RINGLAND: They were strong organizations like the Catholic Relief Services, Church World Services, Protestant groups, The Jewish Joint Distribution Committee, and ethnic groups like American Relief for Poland and American Relief for Italy. By coming under the umbrella of CARE they could carry out a program at a critical time which
they were not able to do or equipped to do individually. I'm speaking now of the delivery of packages, a vital element in this kind of emergency. There were thousands of people throughout mid-Europe and the war-ravaged countries who had blood ties in this country. It was they who were asking for help.
The predecessor of CARE was Herbert Hoover's organization in World War I. He had initiated, with the American Banker's Association, a provision where you could walk into any bank in America and pay ten dollars for one type of package, or 54 dollars for a much bigger one, and have it delivered to an individual. It was done in this manner (a little different from the CARE operation). The food was sent (there were no packages as such in those days) to warehouses where Mr. Hoover's American Relief Administration was operating. In
Czechoslovakia we had a number of warehouses, and a person who received an order from a relative or friend here at home would present that at our warehouse. He would get the equivalent in substantial foods, be given them right over the counter in the warehouse.
CARE had the advantage and use of the Army surplus packages. They were shipped right from here, and receipts were received. The operation met a need until money could be transferred from a friend or relative here. Until then food took the place of money until conditions permitted the normal marketing.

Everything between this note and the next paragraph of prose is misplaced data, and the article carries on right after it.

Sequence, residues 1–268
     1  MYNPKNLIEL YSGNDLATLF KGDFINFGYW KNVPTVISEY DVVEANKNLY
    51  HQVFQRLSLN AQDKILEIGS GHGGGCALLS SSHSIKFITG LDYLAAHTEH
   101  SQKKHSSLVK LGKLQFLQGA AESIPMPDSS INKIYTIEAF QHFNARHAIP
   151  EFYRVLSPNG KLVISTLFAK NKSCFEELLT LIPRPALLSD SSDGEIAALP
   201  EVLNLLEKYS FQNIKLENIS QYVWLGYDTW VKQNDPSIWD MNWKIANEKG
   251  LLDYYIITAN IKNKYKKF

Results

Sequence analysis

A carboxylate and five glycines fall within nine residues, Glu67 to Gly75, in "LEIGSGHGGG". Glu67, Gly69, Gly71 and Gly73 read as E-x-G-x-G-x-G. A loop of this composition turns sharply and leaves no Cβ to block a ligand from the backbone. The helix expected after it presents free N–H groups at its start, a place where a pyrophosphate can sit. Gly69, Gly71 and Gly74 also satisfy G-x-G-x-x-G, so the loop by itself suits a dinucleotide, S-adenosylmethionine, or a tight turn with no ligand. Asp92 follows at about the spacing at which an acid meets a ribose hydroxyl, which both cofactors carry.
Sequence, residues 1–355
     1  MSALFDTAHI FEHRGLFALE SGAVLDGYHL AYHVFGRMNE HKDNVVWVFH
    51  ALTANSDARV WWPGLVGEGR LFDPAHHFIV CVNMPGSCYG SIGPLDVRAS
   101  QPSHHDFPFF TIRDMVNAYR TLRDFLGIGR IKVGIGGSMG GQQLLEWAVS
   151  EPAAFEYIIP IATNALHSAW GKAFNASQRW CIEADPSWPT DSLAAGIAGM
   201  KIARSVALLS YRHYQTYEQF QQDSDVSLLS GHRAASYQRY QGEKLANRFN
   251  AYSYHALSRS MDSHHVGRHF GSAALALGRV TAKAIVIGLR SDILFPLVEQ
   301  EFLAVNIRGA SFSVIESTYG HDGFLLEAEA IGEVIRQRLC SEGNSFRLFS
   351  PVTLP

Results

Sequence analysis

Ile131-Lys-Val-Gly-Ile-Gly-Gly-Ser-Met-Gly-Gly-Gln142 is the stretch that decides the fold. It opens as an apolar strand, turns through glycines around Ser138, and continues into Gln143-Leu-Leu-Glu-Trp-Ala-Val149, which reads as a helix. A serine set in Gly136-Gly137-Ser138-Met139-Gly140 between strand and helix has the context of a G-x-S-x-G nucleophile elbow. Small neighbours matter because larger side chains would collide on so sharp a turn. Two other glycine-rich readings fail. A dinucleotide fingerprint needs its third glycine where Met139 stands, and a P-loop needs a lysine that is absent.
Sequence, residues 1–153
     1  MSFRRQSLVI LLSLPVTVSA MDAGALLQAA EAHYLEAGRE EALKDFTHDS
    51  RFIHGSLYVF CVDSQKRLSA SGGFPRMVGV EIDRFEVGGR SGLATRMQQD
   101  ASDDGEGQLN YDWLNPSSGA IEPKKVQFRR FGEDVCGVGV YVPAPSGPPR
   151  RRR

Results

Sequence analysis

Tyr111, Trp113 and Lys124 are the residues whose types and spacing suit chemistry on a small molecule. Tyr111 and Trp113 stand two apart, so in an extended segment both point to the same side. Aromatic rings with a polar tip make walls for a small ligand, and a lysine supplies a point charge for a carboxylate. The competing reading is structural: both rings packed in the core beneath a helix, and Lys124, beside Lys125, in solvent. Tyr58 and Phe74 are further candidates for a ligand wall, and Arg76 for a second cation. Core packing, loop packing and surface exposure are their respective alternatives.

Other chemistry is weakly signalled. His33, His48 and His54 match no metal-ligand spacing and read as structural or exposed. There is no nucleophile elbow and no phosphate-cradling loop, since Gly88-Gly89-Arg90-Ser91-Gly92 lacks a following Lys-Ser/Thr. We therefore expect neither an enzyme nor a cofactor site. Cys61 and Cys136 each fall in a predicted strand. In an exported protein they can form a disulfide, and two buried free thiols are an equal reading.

Refugees are always the aftermath of war, and whereas we were able to help decisively with a relatively small group after World War I, there were refugees in every country after World War II, and that problem still exists today. I can even now speak of Spanish refugees
in France from the civil war. Somewhere there still is a great need.
MCKINZIE: The question always comes up: what's the most efficient way to help victims of war? Through a voluntary organization or through direct government-to-government aid?
RINGLAND: I think I might elaborate on the refugee problem, then come more pointedly to your question. The liberation of the war-bound countries after V-E and V-J Days opened up wider channels for a flow of food, clothing, medicines, and hospital equipment from voluntary sources. A flood of appeals for help followed in '46, particularly from distressed persons in Austria, Germany, Greece and Italy, to their kinsfolk and friends in America. Help was also asked for refugees in Denmark, Sweden, Spain, and Portugal as well as for nationals in the allied
countries. Aid to the Soviet Union, as an ally (which had been substantial during the active war), largely ceased in 1946. It was continued to Bulgaria and Rumania until 1948, to Czechoslovakia and Poland until 1949, and to refugees in Hungary until 1952.
MCKINZIE: Is this assistance which came from private individuals and private groups in the United State